Saint Peter's Vice President for Advancement Michael Fazio is visiting El Salvador until February 12 as part of Ignatian Colleagues Program. Today's blog entry is part of a series of his reflections during his trip. To read the series from the beginning, start here.
Today was about new beginnings.
We met in the morning with a representative of Las Dignas, one of the first feminist organizations in El Salvador. Founded in 1990, this group works to prevent violence toward women, to eradicate gender injustice in the workforce and in education, and to ensure the civil rights of lesbians. Sadly, despite a new government that promised “change,” the representation of women in Salvadoran government is now as low as it was when the Peace Accords were signed in 1992.
In the afternoon we met with Trina and Kevin Yonkers, the directors of Casa de Solidaridad. Fr. Mark Ravizza, S.J. who works with Casa, was also there. As I noted earlier in the week, the Casa program is a study abroad experience run out of Santa Clara whereby students, primarily from Jesuit institutions, work in El Salvador to both teach and learn.
Both of these visits are wonderful examples of what it means to be Ignatian. Why? Because they focus on action. The academic world often gets trapped somewhere between “experience” and “reflection.” A situation is witnessed and then it is analyzed. The Ignatian paradigm takes it one major step further. We are called to act and act in a particular way – with an emphasis on justice and a preferential option for the poor. I have spent nearly half my life in Jesuit institutions. But I think now – finally – I’m starting to get it.
The best way to experience something is to actually have direct contact with the situation. Fr. Kolvenbach, the former Superior General of the Society of Jesus, told us that solidarity is learned through "contact" rather than through "concepts." You have to have your feet on the ground to really witness what is going on. That’s why we came here. But the truth is more than 80% of the world lives like this. I really feel as though I won some sort of genetic lottery by being born where I was. My eyes have certainly been opened.
Reflecting upon experiences is vital. This includes listening, which Romero did so very well. But reflection is not enough. We must act. Tom McGrath of Loyola Press who is down here as well reminded us of that prayer we say at every Mass as part of the Penitential Rite: “…in what I have done and in what I have failed to do.” This hit me hard. I’ve recited this prayer a million times and never really gave it much thought until now. I have failed to do a lot.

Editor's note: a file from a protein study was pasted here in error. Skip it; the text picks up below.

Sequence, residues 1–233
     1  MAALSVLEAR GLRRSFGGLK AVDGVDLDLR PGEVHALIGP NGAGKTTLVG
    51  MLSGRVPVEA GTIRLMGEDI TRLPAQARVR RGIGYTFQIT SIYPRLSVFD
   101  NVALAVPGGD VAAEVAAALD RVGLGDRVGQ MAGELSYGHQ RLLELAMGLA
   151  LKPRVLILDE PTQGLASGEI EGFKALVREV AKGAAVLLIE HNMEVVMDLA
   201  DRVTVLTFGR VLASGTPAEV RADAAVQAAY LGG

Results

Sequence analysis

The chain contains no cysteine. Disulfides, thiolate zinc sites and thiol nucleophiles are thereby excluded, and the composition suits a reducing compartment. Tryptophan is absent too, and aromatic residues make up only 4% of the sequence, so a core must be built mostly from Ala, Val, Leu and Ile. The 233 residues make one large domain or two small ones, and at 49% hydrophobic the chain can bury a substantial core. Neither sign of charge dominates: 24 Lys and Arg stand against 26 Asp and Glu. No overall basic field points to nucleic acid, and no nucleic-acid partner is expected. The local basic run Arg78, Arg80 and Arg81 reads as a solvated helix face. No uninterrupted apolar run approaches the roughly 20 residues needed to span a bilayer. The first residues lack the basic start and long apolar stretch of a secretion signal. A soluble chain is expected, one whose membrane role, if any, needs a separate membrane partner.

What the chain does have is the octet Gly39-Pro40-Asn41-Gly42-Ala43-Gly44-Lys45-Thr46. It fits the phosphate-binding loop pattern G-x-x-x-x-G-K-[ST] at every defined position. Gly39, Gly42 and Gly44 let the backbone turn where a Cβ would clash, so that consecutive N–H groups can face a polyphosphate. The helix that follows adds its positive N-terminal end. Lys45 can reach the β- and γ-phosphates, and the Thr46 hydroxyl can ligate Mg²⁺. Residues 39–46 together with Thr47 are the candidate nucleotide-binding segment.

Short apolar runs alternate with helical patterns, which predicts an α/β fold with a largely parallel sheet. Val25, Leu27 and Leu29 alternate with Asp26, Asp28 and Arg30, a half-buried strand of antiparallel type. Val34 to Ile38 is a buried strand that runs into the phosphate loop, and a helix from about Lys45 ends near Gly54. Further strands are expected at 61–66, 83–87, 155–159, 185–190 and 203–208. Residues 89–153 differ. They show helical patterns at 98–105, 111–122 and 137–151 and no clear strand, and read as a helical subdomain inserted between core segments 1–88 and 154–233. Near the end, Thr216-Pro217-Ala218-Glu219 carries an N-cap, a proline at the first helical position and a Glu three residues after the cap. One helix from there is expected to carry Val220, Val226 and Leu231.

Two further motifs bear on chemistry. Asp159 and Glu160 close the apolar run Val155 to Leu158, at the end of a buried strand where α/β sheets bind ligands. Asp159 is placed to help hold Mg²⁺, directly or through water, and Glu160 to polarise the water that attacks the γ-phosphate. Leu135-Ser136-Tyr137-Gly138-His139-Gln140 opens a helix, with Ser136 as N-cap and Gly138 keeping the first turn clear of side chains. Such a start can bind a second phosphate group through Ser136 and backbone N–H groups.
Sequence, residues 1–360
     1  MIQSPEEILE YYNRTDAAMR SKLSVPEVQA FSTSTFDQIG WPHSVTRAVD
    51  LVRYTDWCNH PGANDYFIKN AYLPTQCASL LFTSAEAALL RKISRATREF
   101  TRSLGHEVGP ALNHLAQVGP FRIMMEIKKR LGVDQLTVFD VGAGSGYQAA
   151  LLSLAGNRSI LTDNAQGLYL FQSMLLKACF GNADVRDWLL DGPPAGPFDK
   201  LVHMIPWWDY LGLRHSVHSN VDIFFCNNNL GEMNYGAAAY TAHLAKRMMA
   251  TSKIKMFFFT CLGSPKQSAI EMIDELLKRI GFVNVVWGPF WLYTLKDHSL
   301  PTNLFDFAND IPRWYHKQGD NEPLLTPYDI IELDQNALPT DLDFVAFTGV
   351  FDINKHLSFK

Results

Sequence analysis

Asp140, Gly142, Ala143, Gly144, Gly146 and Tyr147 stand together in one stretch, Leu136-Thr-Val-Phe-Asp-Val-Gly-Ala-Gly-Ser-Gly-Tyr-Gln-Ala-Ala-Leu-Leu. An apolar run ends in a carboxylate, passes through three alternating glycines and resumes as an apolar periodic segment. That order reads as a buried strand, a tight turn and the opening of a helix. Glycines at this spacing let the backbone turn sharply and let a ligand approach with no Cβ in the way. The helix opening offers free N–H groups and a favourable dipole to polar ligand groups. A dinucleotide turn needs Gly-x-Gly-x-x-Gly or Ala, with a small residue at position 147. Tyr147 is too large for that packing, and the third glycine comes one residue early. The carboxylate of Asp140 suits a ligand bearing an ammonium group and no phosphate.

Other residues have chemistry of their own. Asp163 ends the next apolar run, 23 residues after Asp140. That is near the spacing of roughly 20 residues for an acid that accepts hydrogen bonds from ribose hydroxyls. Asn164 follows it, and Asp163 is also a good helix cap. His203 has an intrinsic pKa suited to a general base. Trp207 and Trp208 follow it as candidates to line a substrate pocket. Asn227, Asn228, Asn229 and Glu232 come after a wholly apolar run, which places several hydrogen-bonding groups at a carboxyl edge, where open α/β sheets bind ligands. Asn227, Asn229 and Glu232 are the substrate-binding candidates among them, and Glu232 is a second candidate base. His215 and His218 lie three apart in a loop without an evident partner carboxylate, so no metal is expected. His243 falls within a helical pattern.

But, yes, I struggle with what is to come. How exactly am I going to start “acting?” Mark Ravizza noted that the Salvadorans have an expression: We make the road by walking. I found this so profound. There is no obvious road to take. Lord knows I am really good at over-thinking things. I don’t know what the end of the road looks like, but I just need to start walking. Eight days ago I said I really didn’t know what the point of all this was. Well, I think I just might have figured it out.
I want to thank, once again, President Cornacchia, Fr. Mike Braden, my wife Lauren, and my family for their support and prayers throughout this experience that I will never forget. And to those who read these reflections, thank you, too. I am more than happy to talk about my experience at any time.
I want to leave you with a prayer that John Sebastian of Loyola University New Orleans chose for this evening’s blessing before our final dinner together. Though it is not clear who the author is, it has been attributed to Archbishop Oscar Romero. I believe it sums up perfectly the past eight days.
A Future Not Our Own
It helps now and then to step back and take a long view.
The Kingdom is not only beyond our efforts,
it is beyond our vision.
We accomplish in our lifetime only a fraction
of the magnificent enterprise that is God's work.
Nothing we do is complete, which is another way of
saying that the kingdom always lies beyond us.
No statement says all that could be said.
No prayer fully expresses our faith. No confession
brings perfection, no pastoral visit brings wholeness.
No program accomplishes the Church's mission.
No set of goals and objectives include everything.
This is what we are about. We plant the seeds that one
day will grow. We water the seeds already planted
knowing that they hold future promise.
We lay foundations that will need further development.
We provide yeast that produces effects
far beyond our capabilities.
We cannot do everything, and there is a sense of
liberation in realizing this.
This enables us to do something, and to do it very well.
It may be incomplete, but it is a beginning,
a step along the way, an opportunity for the Lord's
grace to enter and do the rest.
We may never see the end results, but that is the
difference between the master builder and the worker.
We are workers, not master builders, ministers, not
messiahs. We are prophets of a future not our own.